From the misadventures of Holly, Charlemagne, and Gideon on Separation Sunday to their treatise on Boys And Girls In America, The Hold Steady has long been defined by singing songs for and about the American youth, something that was always curious but never suspect when you consider that Craig Finn, the band’s principle songwriter, was in his mid-30s for the band’s creative peaks. Now 40, Finn has recorded his first solo album in Austin, Texas with the help of members of White Denim, Heartless Bastards, Phosphorescent, and Centro-matic, as well as producer Mike McCarthy. The result is a more mature sound with more mature revelations, an outfit that looks good on Finn, proving him to more than just the singer for the world’s best bar band. He could also kick ass at that same bar’s open mic night.
But, for its stylistic differences, trading crunchy guitar riffs for pedal steel, Finn takes-on his vocals like it is business as usual. On “Jackson,” Finn is the same poetic storyteller that he has always been, but rather than placing himself at the center of the story, it is pieced together as a memory, with its refrain asking “Why are you asking about Jackson, that was a long time ago?” In the end, there is no colossal flameout or resurrection, but, rather, “Jackson just doesn’t show up to the party.” Elsewhere, Finn’s age shows in unlikely ways. “Terrified Eyes” sounds like fuckin’ “Kodachrome” applied to the problems a couple would go through after years of partying together. And, this older and wiser Finn isn’t always a good thing, as we see on “Honolulu Blues,” where Finn nearly parodies himself, sounding as uninspired as ever over the most innocuous of backing blues music. But, even at his worst, a verse about globalization through religion still rings true, with references to Joan Didion and Graham Greene finding at least one listener who gets the references. Because, honestly, if you are listening to anything Craig Finn has ever written and not willing to play with his lingo and references, you probably aren’t having nearly as much fun as you could be.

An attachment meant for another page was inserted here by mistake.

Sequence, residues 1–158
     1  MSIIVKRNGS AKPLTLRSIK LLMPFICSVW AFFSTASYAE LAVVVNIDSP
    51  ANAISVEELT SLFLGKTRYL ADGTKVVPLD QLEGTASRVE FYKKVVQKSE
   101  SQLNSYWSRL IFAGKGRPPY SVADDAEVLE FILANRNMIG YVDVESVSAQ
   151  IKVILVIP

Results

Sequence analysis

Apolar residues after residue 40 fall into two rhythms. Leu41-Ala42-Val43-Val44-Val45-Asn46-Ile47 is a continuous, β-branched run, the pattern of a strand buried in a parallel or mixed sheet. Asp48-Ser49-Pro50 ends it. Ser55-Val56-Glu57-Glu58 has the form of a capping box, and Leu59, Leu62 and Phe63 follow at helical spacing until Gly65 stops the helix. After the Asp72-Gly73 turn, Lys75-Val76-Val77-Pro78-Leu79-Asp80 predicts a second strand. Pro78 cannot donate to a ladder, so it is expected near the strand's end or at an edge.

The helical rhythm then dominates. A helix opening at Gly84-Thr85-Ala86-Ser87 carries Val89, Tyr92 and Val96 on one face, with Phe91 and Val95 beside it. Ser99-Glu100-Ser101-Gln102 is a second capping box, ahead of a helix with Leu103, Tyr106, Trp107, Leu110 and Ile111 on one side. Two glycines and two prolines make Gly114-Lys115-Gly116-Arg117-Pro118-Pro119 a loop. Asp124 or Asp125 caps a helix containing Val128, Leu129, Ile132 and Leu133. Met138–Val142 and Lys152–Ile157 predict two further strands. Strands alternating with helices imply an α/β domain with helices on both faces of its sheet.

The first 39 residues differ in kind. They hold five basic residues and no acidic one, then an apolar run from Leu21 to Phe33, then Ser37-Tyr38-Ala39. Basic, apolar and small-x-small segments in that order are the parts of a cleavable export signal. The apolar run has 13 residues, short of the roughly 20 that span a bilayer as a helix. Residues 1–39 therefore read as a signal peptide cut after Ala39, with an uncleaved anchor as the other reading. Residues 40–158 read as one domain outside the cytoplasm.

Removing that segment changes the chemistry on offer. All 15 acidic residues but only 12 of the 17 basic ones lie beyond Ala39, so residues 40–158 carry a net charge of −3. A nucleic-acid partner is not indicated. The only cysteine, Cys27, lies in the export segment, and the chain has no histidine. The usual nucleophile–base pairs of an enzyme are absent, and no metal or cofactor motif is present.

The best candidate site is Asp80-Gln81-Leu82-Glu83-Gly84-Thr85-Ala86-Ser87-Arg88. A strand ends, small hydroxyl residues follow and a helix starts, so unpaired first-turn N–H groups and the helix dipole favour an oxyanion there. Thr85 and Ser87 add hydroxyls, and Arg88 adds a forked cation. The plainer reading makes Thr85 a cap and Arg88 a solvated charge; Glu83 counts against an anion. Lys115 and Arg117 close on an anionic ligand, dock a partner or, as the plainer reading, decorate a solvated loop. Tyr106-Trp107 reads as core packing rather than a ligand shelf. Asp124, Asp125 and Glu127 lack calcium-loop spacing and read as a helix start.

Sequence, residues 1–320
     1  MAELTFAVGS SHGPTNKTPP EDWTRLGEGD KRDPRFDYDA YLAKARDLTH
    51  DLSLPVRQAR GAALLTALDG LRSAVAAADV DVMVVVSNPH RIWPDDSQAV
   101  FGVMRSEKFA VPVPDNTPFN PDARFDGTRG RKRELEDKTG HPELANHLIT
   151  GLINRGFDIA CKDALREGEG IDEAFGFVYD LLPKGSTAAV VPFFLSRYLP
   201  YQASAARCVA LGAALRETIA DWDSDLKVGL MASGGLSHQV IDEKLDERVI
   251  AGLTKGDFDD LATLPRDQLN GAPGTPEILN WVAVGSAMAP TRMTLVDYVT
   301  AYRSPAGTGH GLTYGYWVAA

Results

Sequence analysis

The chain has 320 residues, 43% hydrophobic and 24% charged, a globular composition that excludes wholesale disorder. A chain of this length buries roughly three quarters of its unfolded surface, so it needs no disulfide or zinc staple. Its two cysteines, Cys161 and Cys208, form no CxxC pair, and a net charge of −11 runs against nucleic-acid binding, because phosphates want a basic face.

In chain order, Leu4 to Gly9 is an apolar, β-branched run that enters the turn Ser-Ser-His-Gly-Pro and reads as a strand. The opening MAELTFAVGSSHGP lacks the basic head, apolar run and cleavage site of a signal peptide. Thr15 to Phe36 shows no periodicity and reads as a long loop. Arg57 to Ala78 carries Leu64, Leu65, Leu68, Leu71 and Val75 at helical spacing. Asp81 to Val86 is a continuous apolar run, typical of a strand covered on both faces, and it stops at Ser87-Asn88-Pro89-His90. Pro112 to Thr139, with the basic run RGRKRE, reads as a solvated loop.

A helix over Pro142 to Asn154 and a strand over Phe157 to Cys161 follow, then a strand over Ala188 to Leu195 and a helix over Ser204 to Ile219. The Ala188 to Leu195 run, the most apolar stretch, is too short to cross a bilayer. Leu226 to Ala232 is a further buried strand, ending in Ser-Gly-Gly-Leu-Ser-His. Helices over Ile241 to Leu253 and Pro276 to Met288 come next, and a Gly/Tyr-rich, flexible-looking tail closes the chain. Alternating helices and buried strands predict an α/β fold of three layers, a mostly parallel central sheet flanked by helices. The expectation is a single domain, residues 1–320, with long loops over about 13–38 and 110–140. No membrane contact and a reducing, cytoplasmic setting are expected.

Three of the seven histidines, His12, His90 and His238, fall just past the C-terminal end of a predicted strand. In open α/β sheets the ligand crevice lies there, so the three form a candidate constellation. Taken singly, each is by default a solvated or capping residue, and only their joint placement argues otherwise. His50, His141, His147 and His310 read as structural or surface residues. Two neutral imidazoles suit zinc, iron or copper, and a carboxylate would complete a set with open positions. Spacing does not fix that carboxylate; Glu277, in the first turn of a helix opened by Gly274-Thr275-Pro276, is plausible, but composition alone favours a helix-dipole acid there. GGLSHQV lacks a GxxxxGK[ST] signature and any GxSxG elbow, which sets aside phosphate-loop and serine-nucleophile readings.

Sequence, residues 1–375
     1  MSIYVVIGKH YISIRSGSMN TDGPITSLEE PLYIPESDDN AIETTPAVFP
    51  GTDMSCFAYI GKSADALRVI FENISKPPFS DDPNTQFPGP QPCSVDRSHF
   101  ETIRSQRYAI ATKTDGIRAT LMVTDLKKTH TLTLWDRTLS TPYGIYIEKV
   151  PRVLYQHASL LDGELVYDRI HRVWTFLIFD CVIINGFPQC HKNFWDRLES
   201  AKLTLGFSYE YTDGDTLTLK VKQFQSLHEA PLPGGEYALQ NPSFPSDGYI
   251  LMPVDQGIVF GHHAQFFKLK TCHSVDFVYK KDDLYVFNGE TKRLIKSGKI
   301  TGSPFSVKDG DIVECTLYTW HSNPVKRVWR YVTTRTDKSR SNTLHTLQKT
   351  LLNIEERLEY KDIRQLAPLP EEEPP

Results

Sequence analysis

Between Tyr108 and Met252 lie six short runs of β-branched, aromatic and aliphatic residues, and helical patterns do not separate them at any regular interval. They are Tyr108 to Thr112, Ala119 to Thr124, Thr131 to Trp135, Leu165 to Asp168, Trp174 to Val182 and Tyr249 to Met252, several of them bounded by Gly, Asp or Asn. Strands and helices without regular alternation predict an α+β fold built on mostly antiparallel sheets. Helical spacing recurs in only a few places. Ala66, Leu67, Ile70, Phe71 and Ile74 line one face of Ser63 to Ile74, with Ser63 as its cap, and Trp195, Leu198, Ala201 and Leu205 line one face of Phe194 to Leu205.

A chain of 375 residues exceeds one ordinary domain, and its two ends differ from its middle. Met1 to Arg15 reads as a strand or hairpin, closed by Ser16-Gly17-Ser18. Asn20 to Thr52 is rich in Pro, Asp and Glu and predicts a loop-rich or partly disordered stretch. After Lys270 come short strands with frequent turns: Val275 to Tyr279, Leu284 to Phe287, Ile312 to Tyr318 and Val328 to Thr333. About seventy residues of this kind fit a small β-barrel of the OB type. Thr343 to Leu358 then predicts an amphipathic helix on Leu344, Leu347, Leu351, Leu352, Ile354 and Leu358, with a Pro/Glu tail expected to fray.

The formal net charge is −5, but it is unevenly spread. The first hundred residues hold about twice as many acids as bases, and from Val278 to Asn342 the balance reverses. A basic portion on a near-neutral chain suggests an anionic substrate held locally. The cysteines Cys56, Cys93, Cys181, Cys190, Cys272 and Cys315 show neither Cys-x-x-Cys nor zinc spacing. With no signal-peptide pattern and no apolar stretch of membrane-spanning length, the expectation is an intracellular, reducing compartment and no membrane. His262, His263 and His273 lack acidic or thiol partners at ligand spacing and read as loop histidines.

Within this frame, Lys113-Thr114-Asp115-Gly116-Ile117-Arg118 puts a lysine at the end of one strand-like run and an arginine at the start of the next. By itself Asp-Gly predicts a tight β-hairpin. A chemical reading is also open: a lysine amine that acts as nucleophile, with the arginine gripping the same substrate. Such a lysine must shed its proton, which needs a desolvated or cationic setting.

But, as admirable as much of Clear Heart Full Eyes is as a diversion, it can’t help but feel slight at times. Sure, it is nice to hear Finn explore different themes through a more rootsy music palette, but it never goes beyond being pleasant, and its most affecting moments leave the listener wondering what the song would sound like as a Hold Steady number. “No Future,” easily the best track on the record, is the closest Finn comes to rocking, even name-checking heroes like Freddie Mercury and Johnny Rotten, but you would have to be lying to yourself if you didn’t admit that it could be better with a little more muscle behind its punches. “Rented Room,” another particularly successful tune, feels as directionless as the song’s protagonist until half-way through where Finn and his backing band connect for a moment where the lyrics finally take a backseat. It’s great, but it also illuminates the fact that these moments lack throughout the rest of the album.
Still, with much of the flash stripped aways from him, Craig Finn proves that he is a formidable songwriter first and foremost, and here we find him sitting on a stool and playing songs at his most comfortable. For fans or anyone with an inclination towards his music, it is a treat. And, the last time we heard from Craig Finn, on Heaven Is Whenever, a large contingent of listeners began to worry that he might be on the decline as a songwriter and Clear Heart Full Eyes reverses this downward trend. Finn has said that finding hope through bleak situations is one of the prevalent themes of this new record, and if anything, at least I feel hope for his musical direction.